“Strength in numbers” should be Africa’s mantra for sustainable economic power, now and into the future. So we need to collaborate. Disintegration will only divide us and not unite us. The Africa Investment Forum (AIF) of the African Development Bank (AfDB) has also set in motion the drive to promote investments, develop Africa and ensure that the future shines bright across the continent. Talking stats, it’s predicted that Africa’s population will increase to over 2.5 million by 2050 and the continent will also have the youngest population on the planet. it is imperative that startup role players and enablers are better coordinated to facilitate job creation and opportunities for small and medium sized businesses. Over the next five years, almost half of the world’s fastest growing economies will be located in Africa, growing at an average rate of 5% or higher. The African business-to-business spending will reach USD 4.2 trillion in 2030, an increase from USD 2.6 trillion in 2015. Business funding will be about USD915.3 billion in agriculture and agricultural processing, USD666.3 billion in manufacturing, USD784.5 billion in construction, utilities and transportation, USD665.1 billion in wholesale and retail, USD357.6 billion in resources, USD249.3 billion in banking and insurance, and USD 79.5 billion in telecommunications and IT.
This growth in domestic consumer demand combined with more business-to-business spending will allow both large businesses and SMEs to gain the most under the AFCTA. As the profile of African businesses grows on continental and world stages, African household consumers may be more inclined to buy African products and services to support continental development and growth. However, this will depend on how well businesses are able to engage in the deal’s implementation. Very limited reliable data reflects how various ecosystems enablers build and contribute to this diversification.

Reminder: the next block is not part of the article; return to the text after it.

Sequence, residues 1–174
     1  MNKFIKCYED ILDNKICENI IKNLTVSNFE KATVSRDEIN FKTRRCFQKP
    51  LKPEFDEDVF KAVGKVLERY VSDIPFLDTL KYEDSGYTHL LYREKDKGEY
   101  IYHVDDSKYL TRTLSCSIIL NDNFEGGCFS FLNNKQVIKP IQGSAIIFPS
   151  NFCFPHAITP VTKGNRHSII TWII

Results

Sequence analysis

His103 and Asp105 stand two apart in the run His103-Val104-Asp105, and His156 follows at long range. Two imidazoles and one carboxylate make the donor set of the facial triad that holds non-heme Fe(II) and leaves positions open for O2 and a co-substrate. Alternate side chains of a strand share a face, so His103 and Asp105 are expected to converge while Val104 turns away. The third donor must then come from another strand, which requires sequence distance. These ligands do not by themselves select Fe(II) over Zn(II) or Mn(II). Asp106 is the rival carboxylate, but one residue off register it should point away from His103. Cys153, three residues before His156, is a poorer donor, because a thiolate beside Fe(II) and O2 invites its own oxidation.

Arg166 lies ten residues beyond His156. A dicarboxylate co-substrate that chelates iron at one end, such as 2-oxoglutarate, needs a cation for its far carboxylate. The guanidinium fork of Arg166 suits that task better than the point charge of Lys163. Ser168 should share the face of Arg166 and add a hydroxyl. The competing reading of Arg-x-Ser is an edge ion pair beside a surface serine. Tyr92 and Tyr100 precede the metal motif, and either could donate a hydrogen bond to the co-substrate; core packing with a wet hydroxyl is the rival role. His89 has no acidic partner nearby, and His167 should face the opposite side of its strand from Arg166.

The AU agenda 2063 should be seen as a unique opportunity to recreate the African narrative and ensure that we rid ourselves and young go-getters of the dreadful “great ideas going nowhere” syndrome. So let’s focus on encouraging high levels of support, cooperation, youth entrepreneurialism, investments and wealth creation.
Lastly, we must discourage the precedent set in Nigeria last week where the General elections was postponed hours before it was scheduled to start. For a country with over 190 million people and 40% youth unemployment, where at least 11 million jobs are needed each year to curb the unemployment crisis, the postponement and lack of readiness brings distrust and flies in the face of all the work being done by various agencies to attract global investors closer to the table.
Kizito is the co-Chair of the Global Entrepreneurship Network (GEN) Africa – 22 on Sloane is Africa’s largest start-up campus.
The United Nations list of the least developed countries contains about 47 nations that comprise some 900 million people – and these countries are riddled with urban slums, which are hotspots for the coronavirus to thrive.
In my early school years, I studied Latin and I bagged a credit on my last diploma exam.
It is with great regret that we have decided to postpone our monthly events during March and April (Startup Huddle, Master classes and 22 On Sloane’s intra networking session). After much consideration, we felt that protecting our community is a priority and it is important that we apply universal and aggressive public measures to slow the spread of COVD19. For our pitching sessions, you have an option of doing it virtually and communications will be made.